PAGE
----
8. [8] 
    Balthasar wrote:

    re: Mzm [8] - Yemen almost makes too much sense. We even have a military base on the African horn, directly across from it, if I'm not mistaken.

    Trouble is, is that it's not on anyone's radar right now - the neocons are distracted beyond repair by the prospect of invading Iran, which has been a goal of theirs since puberty. They had her poster on the wall of their dorm rooms in college. Yemen's just a bad girl from the south side compared to their desire to invade princess Jasmine. It's a creepy obsession they've been stalking for several years, and Obama's agreement to "just be friends" drove them insane.

    On the other hand, Yemen and Venezuela aren't exactly as easy as they look. These would be very expensive forays with questionable ends. As Bush learned the hard way, the most important question is: what does the morning after look like?

  9. [9] 
    nypoet22 wrote:


    CW is not required to respond to the same question multiple times. since you've asked it multiple times, i'll refresh your memory. his response is that he doesn't place donor-driven campaign finance reform very high on his priority list, and doesn't see it as very realistic. as it happens, this puts him squarely in line with most voters. while it's probably true that the participation of ten percent of the electorate in your group would have an impact, that's still over 20,000,000 people. once your membership demonstrates its viability and reaches one twentieth of its goal (i.e. one million), i'm sure CW would be happy to publish about it.


  10. [10] 
    ListenWhenYouHear wrote:

    TheStig [7]

    Great, can never UNSEE that!

  11. [11] 
    Kick wrote:

    Don Harris

    Aren't you supposed to be busy bravely writing your own blog right now like you suggested?

    All this needs to get started is one brave reality-based blogger to inform citizens about this opportunity now.

    Serious Question: How is it that you expect anyone to take your repeated BS seriously if you don't?

    Asking for a friend. :)

  12. [12] 
    Kick wrote:


    He'll need a war soon to try to make himself popular and important.

    Yes, sir... and in lieu of an all out war, remember the object of the exercise, who is pulling the strings, and the many ways in which Syria could factor into the equation. :)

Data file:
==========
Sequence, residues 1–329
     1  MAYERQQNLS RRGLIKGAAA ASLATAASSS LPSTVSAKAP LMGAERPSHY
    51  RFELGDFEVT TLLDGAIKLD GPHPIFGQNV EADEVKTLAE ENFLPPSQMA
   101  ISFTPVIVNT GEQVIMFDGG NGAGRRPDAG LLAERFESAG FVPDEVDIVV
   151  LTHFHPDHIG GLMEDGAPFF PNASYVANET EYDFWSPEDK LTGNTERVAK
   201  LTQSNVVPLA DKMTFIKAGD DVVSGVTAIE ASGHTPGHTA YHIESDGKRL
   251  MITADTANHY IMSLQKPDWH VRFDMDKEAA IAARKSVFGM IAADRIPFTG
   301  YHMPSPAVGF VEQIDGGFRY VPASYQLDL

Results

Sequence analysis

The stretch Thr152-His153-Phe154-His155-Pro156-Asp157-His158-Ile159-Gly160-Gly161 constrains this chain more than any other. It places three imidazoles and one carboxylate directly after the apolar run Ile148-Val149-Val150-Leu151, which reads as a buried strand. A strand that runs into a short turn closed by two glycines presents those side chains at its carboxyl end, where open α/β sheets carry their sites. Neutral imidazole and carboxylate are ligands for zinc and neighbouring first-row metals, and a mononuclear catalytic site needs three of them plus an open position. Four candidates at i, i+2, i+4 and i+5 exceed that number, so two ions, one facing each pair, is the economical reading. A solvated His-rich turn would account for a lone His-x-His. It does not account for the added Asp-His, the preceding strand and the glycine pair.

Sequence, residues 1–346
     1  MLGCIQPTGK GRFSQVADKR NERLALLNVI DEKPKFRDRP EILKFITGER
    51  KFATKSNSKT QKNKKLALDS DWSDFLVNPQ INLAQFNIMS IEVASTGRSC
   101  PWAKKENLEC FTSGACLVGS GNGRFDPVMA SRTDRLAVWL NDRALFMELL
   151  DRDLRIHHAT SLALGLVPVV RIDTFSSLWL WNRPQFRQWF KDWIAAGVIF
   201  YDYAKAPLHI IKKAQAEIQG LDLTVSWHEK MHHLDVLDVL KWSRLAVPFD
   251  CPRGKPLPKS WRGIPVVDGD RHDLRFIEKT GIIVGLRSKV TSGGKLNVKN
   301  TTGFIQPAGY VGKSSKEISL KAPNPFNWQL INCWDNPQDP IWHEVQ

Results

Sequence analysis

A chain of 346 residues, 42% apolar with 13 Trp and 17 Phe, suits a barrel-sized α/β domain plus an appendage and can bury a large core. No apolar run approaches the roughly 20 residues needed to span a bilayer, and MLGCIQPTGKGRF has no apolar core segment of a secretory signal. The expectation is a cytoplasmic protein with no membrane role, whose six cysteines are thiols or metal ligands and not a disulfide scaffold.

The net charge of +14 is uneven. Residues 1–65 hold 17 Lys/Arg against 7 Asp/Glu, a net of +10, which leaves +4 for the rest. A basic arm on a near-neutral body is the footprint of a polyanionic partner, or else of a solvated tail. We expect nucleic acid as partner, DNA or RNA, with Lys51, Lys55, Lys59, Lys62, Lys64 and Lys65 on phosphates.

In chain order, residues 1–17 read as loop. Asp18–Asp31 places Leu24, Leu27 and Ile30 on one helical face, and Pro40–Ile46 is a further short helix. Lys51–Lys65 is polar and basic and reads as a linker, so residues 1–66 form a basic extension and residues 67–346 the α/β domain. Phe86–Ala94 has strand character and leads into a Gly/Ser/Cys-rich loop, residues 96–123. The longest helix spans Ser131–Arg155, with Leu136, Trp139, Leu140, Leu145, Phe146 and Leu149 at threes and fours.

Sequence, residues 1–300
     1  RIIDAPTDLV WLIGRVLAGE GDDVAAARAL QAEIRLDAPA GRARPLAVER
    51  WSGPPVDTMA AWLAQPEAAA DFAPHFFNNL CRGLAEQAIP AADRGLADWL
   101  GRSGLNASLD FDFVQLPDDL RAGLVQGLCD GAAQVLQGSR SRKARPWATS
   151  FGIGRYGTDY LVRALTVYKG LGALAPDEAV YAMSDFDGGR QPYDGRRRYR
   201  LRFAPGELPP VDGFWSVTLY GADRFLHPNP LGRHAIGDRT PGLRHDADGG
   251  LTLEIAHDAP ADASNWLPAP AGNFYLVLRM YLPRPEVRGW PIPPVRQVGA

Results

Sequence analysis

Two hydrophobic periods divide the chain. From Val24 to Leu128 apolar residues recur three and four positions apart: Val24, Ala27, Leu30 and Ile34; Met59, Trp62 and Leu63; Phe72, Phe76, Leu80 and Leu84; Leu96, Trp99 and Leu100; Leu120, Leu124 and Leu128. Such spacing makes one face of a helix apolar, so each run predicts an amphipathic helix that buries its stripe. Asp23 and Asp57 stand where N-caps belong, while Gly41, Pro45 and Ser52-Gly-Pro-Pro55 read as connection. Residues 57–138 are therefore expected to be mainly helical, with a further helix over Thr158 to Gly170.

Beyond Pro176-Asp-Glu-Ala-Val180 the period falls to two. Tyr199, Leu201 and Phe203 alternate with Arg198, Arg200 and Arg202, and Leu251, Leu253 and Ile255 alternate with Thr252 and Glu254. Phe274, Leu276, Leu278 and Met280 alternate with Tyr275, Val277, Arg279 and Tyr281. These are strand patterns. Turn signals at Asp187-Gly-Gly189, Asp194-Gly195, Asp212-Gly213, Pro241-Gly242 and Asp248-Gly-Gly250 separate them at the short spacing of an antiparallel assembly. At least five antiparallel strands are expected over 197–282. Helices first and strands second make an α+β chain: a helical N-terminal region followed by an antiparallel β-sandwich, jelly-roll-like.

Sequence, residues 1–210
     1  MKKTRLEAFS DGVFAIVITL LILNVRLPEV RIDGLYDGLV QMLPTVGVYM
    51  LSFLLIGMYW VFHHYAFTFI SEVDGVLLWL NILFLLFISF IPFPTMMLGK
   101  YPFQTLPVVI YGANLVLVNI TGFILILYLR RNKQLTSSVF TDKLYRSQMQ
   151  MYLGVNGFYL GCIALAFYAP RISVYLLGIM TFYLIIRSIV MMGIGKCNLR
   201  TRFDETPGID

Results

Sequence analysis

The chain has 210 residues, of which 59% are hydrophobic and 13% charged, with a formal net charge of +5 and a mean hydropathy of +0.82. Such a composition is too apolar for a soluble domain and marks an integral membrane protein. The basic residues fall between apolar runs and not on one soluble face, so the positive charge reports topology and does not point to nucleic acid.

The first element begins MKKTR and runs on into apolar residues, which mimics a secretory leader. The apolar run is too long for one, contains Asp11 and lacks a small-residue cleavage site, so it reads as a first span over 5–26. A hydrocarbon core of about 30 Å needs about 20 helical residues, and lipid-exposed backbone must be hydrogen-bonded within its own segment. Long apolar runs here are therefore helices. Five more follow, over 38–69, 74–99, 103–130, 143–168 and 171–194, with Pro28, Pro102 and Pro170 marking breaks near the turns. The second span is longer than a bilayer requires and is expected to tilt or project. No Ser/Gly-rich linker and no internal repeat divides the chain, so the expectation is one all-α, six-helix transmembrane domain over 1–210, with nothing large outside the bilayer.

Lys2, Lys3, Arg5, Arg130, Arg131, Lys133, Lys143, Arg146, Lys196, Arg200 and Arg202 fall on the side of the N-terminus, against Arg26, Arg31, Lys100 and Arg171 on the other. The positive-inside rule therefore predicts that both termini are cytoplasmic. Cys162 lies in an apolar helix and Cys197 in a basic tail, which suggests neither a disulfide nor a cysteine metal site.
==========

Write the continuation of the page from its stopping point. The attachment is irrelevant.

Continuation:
13. [13] 
    Kick wrote:


    The problem with applying this procedure to N.Korea is the very first step. Trump doesn't know his rube-he is the rube.

    Bingo... and simply extrapolate that fact and apply it to darn near everything in the Trump orbit. It's sad enough when the rubes fall victim to the con, but it's positively pathetic when the con falls victim to his own bullshit.

  14. [14] 
    Kick wrote:


    Have you ever noticed the uncanny physical resemblance between Trump and his mother? Warning: Disturbing Image...swallow and secure your beverage container before viewing!

    When Scotland sends its people, they're not sending the best. They're sending people that have lots of problems and they're bringing those problems. They're bringing drugs, they're bringing crime...

  15. [15] 
    Kick wrote:


    Pretty sure me starting my own blog was someone else's idea.

    You seem oblivious to the fact that more than one person can have the same great idea. Why would you insist of others what you're not willing to do yourself? You lack the courage of your convictions, and there's a word for that... several words, in fact.

    And it's you that don't take me seriously.

    You mustn't take that personally, Don, it's just something about trolls.

    And possibly CW. It is impossible to know for sure until CW actually addresses One Demand.

    He already did.

    But it appears from my perspective that it is also possible that he does take it seriously and is avoiding addressing it because he prefers be able to make the argument that citizens have no other choice than to vote for the Democrats.

    And what problem could you, CW or anyone possibly have with people that were not going to vote in 2018 participating in One Demand instead of staying home and wasting their vote?

    You seem to have fallen victim to your own repetitive bullshit, Don, but more pathetic than that is that you appear to believe that others on this blog are as invested as you when they're simply not.

    Should people only be encouraged to vote if they are going to vote for Democrats or Republicans?